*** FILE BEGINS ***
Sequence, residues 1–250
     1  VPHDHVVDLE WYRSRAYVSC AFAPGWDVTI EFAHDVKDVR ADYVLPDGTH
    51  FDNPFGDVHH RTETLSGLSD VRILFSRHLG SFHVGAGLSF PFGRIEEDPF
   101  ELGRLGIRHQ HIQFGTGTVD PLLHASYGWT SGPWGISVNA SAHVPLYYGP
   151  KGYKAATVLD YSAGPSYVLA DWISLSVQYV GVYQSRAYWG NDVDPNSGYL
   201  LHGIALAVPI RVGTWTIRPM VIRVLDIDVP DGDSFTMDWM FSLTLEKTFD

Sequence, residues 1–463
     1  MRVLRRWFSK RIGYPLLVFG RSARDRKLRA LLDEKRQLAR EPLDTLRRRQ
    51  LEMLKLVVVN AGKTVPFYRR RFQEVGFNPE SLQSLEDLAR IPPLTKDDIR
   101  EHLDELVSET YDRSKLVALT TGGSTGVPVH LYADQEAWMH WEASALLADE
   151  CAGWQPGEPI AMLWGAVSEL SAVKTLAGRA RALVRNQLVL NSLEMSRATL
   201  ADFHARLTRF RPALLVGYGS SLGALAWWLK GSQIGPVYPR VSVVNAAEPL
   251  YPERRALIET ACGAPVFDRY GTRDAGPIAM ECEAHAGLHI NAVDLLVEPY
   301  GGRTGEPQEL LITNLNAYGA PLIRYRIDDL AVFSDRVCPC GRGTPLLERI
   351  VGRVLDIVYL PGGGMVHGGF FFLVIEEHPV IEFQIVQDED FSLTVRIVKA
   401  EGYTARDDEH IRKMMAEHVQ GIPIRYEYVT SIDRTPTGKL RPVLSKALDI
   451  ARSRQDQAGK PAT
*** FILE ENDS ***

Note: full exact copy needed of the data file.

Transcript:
Sequence, residues 1–250
     1  VPHDHVVDLE WYRSRAYVSC AFAPGWDVTI EFAHDVKDVR ADYVLPDGTH
    51  FDNPFGDVHH RTETLSGLSD VRILFSRHLG SFHVGAGLSF PFGRIEEDPF
   101  ELGRLGIRHQ HIQFGTGTVD PLLHASYGWT SGPWGISVNA SAHVPLYYGP
   151  KGYKAATVLD YSAGPSYVLA DWISLSVQYV GVYQSRAYWG NDVDPNSGYL
   201  LHGIALAVPI RVGTWTIRPM VIRVLDIDVP DGDSFTMDWM FSLTLEKTFD

Sequence, residues 1–463
     1  MRVLRRWFSK RIGYPLLVFG RSARDRKLRA LLDEKRQLAR EPLDTLRRRQ
    51  LEMLKLVVVN AGKTVPFYRR RFQEVGFNPE SLQSLEDLAR IPPLTKDDIR
   101  EHLDELVSET YDRSKLVALT TGGSTGVPVH LYADQEAWMH WEASALLADE
   151  CAGWQPGEPI AMLWGAVSEL SAVKTLAGRA RALVRNQLVL NSLEMSRATL
   201  ADFHARLTRF RPALLVGYGS SLGALAWWLK GSQIGPVYPR VSVVNAAEPL
   251  YPERRALIET ACGAPVFDRY GTRDAGPIAM ECEAHAGLHI NAVDLLVEPY
   301  GGRTGEPQEL LITNLNAYGA PLIRYRIDDL AVFSDRVCPC GRGTPLLERI
   351  VGRVLDIVYL PGGGMVHGGF FFLVIEEHPV IEFQIVQDED FSLTVRIVKA
   401  EGYTARDDEH IRKMMAEHVQ GIPIRYEYVT SIDRTPTGKL RPVLSKALDI
   451  ARSRQDQAGK PAT